var websocket = null;
         var message = "";
         function openConnection() {
            websocket = new WebSocket(uri);
            websocket.onmessage = function (event) {
               var node = document.getElementById('fromServer');
               var newNode = document.createElement('h1');

         function closeConnection() {

         function sendMessage() {
            var msg = document.getElementById('messageText').value;

   <body onload="openConnection();" onunload="closeConnection();">
         <p>Client Message: <input id="messageText" type="text"/>
            <input id="sendButton" type="button" value="Send"
         <div id="fromServer"></div>

Message Transfer

Wired messages to be transferred are composed of frames. At a low level, these (one/more) frames carry the payload of text messages encoded as UTF-8 or binary format. The data intended for protocol level signaling is carried by control frames. In general, the control frames are close, ping, and pong. (Pong refers to the response of ping frame.) Apart from containing control signal, ping and pong may also contain application data. The annotation decorator for message processing is @OnMessage.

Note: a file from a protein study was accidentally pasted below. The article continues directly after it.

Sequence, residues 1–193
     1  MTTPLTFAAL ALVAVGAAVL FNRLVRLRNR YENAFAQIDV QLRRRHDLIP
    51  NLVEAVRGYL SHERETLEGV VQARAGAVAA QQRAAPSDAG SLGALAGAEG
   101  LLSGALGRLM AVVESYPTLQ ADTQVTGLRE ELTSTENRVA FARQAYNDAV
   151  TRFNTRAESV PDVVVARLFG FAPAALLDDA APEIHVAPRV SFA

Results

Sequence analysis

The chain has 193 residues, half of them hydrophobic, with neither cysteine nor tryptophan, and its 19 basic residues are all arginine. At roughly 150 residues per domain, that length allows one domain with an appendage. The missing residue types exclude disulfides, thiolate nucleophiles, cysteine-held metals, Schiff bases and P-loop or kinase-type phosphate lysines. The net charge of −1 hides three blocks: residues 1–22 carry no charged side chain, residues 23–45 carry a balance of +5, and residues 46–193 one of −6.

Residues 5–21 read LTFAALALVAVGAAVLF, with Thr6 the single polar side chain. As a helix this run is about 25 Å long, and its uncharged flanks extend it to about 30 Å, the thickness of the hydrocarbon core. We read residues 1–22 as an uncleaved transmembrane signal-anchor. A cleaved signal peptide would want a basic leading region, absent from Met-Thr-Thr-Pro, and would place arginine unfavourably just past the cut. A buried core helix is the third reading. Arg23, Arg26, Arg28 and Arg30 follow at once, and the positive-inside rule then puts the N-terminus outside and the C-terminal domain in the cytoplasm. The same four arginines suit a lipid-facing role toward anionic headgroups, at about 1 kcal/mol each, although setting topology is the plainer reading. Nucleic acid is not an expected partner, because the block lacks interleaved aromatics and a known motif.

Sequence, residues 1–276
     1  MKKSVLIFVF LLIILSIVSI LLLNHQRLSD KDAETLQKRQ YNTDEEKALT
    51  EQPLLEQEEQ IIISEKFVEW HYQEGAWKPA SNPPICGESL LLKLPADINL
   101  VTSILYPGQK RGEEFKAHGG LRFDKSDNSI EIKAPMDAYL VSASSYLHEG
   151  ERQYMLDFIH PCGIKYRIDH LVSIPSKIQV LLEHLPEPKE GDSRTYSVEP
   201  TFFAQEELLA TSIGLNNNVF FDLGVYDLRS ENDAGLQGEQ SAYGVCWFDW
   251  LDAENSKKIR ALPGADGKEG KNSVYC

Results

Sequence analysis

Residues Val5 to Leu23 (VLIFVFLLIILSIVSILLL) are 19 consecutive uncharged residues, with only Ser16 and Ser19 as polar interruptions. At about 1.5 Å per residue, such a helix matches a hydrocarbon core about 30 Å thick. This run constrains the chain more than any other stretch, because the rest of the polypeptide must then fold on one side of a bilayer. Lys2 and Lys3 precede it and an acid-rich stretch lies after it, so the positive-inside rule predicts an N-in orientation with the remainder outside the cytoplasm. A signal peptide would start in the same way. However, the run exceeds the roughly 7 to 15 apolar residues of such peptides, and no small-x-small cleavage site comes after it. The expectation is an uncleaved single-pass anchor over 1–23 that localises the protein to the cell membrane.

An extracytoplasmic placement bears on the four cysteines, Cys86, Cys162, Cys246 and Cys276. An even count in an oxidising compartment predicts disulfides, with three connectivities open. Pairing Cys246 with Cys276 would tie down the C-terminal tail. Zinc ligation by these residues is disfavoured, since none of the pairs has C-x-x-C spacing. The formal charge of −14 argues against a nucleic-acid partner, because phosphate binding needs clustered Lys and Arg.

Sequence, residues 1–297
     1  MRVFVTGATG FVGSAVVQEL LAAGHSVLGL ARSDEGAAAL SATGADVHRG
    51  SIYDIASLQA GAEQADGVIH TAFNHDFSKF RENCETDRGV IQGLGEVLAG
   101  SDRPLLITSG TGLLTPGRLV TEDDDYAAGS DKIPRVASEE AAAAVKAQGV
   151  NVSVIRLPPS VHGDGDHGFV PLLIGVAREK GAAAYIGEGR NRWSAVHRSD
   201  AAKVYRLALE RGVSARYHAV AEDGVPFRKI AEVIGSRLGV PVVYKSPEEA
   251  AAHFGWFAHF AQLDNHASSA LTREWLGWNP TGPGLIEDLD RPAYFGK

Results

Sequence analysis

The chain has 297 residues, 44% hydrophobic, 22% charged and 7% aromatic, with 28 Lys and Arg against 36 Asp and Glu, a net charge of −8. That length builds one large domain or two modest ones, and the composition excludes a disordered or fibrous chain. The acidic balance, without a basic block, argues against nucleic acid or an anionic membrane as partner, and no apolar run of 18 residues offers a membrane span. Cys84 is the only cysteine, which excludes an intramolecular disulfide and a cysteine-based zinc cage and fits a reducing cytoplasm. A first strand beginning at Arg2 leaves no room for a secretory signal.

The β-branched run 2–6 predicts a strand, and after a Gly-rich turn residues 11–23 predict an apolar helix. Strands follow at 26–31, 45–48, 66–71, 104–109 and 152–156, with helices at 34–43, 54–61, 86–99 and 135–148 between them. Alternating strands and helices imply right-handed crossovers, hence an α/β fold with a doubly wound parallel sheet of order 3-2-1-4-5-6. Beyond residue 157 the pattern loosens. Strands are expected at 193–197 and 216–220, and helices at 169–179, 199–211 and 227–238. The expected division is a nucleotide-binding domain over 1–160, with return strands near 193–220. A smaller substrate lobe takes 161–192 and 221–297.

Some variation of the onMessage function can be as follows.

For String,

public void onMessage(String message) {...}

For a Java integer primitive

public void onMessage(int ival) {...}


public void onMessage(String message,
   boolean end) {...}

In this case, the Boolean parameter determines with a true value that the last part of a large string is received and there is no more left. A false value simply indicates there are parts remaining, yet to be received. This is particularly useful in sending a huge chunk of message in n parts.

If we want to send a block stream of a binary message, the onMessage function can be as follows.

public void onMessage(Reader reader) {...}


public void onMessage(InputStream stream) {...}

Annotation-based Client Endpoints Example

In some situations, we want to create a standalone WebSocket client that interacts with the server endpoint. A POJO can be decorated as a WebSocket client with the help of @ClientEndpoint. The client endpoint can interact with any server endpoint as long as it knows the WebSocket server URI. In the previous example, the client UI part was written in HTML+JavaScript. Here, a POJO is converted into a WebSocket client interacting with the same server (refer to the previous example), and the client UI part is written in Java Swing.